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Five Money Saving Green Upgrades
Going green is great for the environment, but that’s not the only benefit. When you make green upgrades in your home, it can also lead to some major savings, as well as make you feel good about doing your part to help preserve our planet. As an Oregon resident, it is also important to understand the laws and guidelines that you need to follow for some of these options, as well as being aware of some of the incentive programs that are available to homeowners that implement these options. If any of you have first hand experience with these options please share your experience with a comment response.
- Solar panels: The upfront cost is big, but the long-term savings are huge. Solar panels will cost several thousand dollars to install, but ongoing maintenance costs are very low, and a typical system could save you hundreds of dollars per year. You can even sell your surplus electricity. Oregon gets plenty of sunshine for making solar power, and it’s more affordable than you may think. Cash incentives from Energy Trust and federal tax credits can offset as much as 50 percent of your installation costs. You can start your research on installation costs and the benefits at https://www.energytrust.org/programs/solar/.
- Wood furnace: Wood-burning furnaces are relatively inexpensive, and though the yearly savings aren’t as dramatic (about 10% on heating bills), it adds up over the long run.
- Insulation: There’s a good chance your insulation isn’t very efficient, especially in older homes. Look into installing floor, cavity, wall, and loft insulation to reduce your heating bills. You can also apply for cash incentives of $0.25—$0.50/sq. ft. for professionally installed insulation, details for this program are at https://www.energytrust.org/incentives/professionally-installed-insulation/.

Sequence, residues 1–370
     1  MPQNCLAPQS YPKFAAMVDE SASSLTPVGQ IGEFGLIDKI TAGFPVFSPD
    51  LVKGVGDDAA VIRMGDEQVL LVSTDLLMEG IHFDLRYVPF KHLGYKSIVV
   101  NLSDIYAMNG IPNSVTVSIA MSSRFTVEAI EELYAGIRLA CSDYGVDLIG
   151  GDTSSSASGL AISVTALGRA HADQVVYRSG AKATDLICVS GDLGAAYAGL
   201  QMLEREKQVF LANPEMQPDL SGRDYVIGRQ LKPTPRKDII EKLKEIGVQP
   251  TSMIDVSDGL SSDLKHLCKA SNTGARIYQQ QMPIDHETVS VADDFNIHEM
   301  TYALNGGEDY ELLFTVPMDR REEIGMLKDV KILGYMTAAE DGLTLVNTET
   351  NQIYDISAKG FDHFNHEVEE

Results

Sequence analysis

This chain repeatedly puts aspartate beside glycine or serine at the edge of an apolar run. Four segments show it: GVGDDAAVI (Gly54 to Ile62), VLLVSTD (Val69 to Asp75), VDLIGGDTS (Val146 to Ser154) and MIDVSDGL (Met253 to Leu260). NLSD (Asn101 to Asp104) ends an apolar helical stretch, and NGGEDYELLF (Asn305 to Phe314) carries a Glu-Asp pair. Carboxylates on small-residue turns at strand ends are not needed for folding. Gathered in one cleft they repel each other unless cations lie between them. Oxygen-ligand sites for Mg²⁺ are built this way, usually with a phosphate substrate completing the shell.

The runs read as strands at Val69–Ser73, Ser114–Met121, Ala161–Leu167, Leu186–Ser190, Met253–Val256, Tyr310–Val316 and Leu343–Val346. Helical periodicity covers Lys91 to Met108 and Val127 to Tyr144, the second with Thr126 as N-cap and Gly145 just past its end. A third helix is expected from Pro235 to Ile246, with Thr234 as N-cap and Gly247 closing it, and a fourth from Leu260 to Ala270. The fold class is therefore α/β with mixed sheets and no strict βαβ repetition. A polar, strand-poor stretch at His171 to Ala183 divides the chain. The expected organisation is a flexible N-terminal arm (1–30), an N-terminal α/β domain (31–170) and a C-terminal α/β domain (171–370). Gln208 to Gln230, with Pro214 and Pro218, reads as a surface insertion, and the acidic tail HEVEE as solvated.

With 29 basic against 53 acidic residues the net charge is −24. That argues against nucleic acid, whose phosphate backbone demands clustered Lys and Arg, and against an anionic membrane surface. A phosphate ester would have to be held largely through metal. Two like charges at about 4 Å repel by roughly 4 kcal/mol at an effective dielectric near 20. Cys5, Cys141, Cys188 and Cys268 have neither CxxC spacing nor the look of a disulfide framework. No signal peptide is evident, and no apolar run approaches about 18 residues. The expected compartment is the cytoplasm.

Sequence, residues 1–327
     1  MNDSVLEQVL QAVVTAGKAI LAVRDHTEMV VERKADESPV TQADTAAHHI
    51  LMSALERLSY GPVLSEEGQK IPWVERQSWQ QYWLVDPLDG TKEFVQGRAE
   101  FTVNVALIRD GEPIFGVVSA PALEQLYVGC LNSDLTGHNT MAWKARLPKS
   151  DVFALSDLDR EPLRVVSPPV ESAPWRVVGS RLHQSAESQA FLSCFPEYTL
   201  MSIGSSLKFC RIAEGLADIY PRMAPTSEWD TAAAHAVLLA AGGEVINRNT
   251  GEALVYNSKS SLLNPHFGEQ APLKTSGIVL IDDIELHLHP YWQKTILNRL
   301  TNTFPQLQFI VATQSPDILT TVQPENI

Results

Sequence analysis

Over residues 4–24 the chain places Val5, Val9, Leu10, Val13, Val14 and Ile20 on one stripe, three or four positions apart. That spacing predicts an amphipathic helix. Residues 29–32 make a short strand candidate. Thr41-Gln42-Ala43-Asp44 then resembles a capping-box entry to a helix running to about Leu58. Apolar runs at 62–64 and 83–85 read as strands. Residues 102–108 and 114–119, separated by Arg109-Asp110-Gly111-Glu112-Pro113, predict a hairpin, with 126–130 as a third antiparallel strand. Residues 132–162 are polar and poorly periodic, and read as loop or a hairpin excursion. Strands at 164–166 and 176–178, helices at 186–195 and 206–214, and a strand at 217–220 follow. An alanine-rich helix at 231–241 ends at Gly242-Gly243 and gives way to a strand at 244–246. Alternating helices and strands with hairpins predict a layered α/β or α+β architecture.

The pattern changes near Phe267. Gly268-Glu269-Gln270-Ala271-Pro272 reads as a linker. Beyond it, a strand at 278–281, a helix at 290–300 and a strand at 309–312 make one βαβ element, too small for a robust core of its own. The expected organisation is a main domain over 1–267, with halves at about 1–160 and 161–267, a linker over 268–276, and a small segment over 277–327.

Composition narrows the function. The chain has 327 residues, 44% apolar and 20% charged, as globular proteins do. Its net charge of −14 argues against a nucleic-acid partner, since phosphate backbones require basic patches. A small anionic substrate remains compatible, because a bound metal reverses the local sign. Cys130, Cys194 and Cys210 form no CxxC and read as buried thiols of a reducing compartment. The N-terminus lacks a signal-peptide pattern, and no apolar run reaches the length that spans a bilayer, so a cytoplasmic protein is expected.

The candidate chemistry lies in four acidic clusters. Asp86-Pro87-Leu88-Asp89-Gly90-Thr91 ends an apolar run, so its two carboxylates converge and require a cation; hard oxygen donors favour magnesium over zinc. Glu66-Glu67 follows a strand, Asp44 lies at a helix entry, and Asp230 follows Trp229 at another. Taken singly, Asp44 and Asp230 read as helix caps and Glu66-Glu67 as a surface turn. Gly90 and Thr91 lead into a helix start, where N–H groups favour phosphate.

- Rain barrels: Rain barrels are extremely inexpensive, and provide gallons of free water to use when you wash your car or water your garden. It's important to note that Oregon does have laws on how you can legally collect and store rainwater, so make sure you download and review the PDF guidelines issued by the State at https://www.oregon.gov/bcd/Documents/brochures/3660.pdf.
- Geothermal system: OK, so the price tag is scary at first. A geothermal system uses the earth’s temperature to heat and cool your home, but can cost $30,000 to install. But tax credits allow you to get a lot of that money back, and the energy savings average about $1,900 per year. If you plan to be in your home for a decade or two, it’s a great investment. For more information on this program go to https://www.energytrust.org/incentives/renewable-energy-geothermal-electricity/.
As a long term resident of Southern Oregon I understand both the wonderful lifestyle the area has to offer as well as the diverse micro markets we have here and I look forward to helping fulfill your ....
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